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Some of most affordable, delicious ceviche hails from Mexico

Aside from the bull’s penis ceviche, previously discussed in this very blog, I’ve pretty much liked every version of ceviche I’ve had.

And, let me tell you, I’ve had plenty.

While the exact history of this seafood-based dish is disputed, the deliciousness of ceviche is not.

Possible origin sites, according to Wikipedia, include the western coast of north-central South America or Central America. The website

What’s Cooking America

, on the other hand, says ceviche’s birthplace is more definitely either Peru or Ecuador.

Personally, I don’t care where it comes from. It rocks!

And, according to my most recent, extremely non-scientific findings, some of the most delicious and affordable ceviche is emanating from Mexico.

Of course, I say this with a fair amount of bias, having recently returned from a seven-day sojourn into Mexico in the ceviche-rich area of the Riviera Maya.

For those unfamiliar with the dish, ceviche isn’t cooked in the traditional way. Rather, it’s prepared fresh with citrus fruits, primarily lemons and limes, providing the necessary cooking — the citric juice replacing the heat.

Ceviche is usually made with whatever local fish happens to be fresh and handy, but I’ve had shrimp, octopus, calamari and mussel ceviche as well.

Ceviche, seviche or cebiche, depending on where you get it, is almost never served on its own.

In Peru, it’s accompanied by slices of cold sweet potatoes or corn-on-the-cob. In Ecuador, it comes with popcorn, nuts, or corn nuts. And, in Mexico, ceviche is usually served with raw onions and toasted tortillas.

For me, a bag of tortilla chips and a platter or bowl of ceviche is all I need.

While in Mexico, we were lucky enough to have our own digs complete with a full-service kitchen.

I wouldn’t want to undertake a dinner party for eight out of our Mexican kitchen, but I did lunch every day — sometimes four different meals for four different people — which worked out great.

Meanwhile, the full-sized fridge allowed me to store and sample all the ceviche I could handle.

So, off to the Mexican supermarket chain The Mega I went with frightening frequency. I think I hit The Mega five, maybe six, of the seven days I was in country.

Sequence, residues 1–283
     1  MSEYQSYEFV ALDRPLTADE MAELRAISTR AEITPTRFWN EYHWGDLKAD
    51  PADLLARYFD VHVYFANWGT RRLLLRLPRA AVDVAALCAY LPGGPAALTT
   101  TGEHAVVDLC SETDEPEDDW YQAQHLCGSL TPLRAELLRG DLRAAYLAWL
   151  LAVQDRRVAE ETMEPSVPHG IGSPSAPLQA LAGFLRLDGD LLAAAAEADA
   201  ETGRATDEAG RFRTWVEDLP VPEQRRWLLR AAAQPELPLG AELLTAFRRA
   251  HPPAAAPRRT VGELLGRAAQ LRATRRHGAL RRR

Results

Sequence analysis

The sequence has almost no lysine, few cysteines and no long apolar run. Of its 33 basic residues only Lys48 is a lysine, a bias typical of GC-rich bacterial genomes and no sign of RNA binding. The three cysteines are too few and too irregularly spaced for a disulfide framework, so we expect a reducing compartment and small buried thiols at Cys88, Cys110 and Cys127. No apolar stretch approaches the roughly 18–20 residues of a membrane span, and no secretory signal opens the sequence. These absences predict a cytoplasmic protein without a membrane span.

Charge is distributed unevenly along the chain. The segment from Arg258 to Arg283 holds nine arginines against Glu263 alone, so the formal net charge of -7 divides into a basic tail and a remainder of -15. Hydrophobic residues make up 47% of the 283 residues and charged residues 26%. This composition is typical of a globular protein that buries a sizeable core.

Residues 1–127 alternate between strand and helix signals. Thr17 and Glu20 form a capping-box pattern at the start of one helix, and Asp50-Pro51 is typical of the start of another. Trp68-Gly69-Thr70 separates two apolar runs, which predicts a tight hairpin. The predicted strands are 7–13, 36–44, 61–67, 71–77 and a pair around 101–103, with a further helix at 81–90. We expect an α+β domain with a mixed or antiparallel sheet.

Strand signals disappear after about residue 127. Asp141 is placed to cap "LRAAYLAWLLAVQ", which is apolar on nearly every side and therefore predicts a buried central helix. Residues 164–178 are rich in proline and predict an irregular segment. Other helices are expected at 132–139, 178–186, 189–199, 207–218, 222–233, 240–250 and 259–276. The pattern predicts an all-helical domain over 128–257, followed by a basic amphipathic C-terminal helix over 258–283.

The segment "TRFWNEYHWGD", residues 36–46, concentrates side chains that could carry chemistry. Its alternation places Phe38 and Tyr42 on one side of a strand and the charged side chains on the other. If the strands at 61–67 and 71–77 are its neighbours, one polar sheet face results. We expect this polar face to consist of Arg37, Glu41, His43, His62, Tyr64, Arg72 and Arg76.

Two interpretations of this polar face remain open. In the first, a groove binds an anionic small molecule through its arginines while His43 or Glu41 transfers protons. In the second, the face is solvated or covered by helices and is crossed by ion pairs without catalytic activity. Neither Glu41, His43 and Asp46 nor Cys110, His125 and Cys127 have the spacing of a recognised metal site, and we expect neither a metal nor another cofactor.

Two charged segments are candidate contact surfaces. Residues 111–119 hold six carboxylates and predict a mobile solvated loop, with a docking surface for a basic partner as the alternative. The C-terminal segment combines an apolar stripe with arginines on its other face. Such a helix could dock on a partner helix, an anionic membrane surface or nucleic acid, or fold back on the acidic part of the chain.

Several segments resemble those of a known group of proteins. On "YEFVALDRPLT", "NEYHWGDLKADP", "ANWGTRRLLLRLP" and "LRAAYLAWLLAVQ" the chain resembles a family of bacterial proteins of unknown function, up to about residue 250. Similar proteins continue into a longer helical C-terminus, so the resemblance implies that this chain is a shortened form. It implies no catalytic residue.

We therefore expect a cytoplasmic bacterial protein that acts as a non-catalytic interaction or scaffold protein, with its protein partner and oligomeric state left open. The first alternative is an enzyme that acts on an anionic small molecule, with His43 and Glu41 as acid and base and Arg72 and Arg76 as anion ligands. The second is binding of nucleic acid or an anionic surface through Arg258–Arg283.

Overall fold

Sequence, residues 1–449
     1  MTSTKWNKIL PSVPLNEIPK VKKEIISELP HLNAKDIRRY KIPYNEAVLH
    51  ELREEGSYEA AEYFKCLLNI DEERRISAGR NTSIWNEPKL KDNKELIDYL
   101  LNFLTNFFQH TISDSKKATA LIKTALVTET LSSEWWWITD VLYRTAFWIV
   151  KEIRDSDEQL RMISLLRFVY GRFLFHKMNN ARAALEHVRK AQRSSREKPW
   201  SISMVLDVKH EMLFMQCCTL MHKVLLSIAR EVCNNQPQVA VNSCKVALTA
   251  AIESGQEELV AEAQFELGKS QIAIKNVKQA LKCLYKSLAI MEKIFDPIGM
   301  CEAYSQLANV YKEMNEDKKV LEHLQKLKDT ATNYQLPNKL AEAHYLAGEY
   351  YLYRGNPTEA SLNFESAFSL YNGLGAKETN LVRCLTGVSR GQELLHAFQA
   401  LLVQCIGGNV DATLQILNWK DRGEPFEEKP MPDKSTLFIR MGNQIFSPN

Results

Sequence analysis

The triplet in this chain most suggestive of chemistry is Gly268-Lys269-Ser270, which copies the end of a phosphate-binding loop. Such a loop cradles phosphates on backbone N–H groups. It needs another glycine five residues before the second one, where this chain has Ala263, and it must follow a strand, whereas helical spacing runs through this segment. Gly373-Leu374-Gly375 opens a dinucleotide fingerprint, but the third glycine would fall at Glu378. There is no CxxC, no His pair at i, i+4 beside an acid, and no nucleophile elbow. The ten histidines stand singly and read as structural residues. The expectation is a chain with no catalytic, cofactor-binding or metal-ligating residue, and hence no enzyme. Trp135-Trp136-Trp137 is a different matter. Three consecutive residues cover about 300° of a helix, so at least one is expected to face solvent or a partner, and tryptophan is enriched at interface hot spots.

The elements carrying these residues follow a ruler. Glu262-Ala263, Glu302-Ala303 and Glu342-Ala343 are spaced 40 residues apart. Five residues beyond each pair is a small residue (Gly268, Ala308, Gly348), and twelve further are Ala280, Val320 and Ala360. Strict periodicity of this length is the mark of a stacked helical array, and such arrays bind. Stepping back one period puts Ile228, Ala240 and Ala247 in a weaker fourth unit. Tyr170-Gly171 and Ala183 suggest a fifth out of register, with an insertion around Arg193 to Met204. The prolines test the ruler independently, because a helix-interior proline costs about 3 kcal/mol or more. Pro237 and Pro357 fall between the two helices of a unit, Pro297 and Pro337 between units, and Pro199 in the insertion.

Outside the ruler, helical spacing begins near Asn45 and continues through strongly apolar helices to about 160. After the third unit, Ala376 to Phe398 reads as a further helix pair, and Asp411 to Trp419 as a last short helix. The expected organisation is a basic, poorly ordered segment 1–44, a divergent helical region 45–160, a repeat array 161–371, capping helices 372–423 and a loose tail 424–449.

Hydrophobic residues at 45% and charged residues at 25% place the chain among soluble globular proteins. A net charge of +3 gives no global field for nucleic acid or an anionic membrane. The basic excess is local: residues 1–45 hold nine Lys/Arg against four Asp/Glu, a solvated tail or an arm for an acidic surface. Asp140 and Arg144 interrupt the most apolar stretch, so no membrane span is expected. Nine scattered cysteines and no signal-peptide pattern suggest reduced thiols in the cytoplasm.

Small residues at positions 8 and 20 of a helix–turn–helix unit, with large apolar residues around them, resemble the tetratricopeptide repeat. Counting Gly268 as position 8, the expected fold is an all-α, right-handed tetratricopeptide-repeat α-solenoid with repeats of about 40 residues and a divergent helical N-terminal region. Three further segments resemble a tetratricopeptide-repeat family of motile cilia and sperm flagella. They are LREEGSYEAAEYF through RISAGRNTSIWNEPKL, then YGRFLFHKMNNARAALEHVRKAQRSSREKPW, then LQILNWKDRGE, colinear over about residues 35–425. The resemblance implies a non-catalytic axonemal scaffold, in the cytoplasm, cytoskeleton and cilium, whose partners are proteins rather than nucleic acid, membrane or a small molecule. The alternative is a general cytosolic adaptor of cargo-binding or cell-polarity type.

And, on nearly all of those days, I stopped by the seafood department and picked up some ceviche.

The Mega makes fresh ceviche every day. While some people might think I’m crazy to buy and consume what basically amounts to raw fish in a Mexican market, I have never had an issue stomach-wise or otherwise.

I do have a some rules when it comes to buying fresh seafood, whether it be in the United States or abroad.

The main one is odor. There shouldn’t be any. If you’re getting a fishy smell from the seafood department, I’d head to the meat department or to another store.

That’s my point about the ceviche at The Mega — there was no odor other than the citrus scents of the lemons and limes.

The ceviche was good, really good. I had the octopus, shrimp and fish versions over the course of my week south of the border and I can’t wait to get back for more. Not only was the ceviche good, it was also cheap — the best combination of all.

A small container of the local fish ceviche set me back less than a $1, the octopus was about $2 and the shrimp was under $3.

Maybe someday I’ll regret buying ceviche in a Mexican supermarket. But right now, I only regret not having any in front of me.

Dave Eckert is the producer and host of “Culinary Travels With Dave Eckert,” which aired on PBS-TV and Wealth TV for 12 seasons, or nearly 300 half-hour episodes produced on six continents. Eckert is also an avid wine collector and aficionado, having amassed a personal wine cellar of some 2,000 bottles.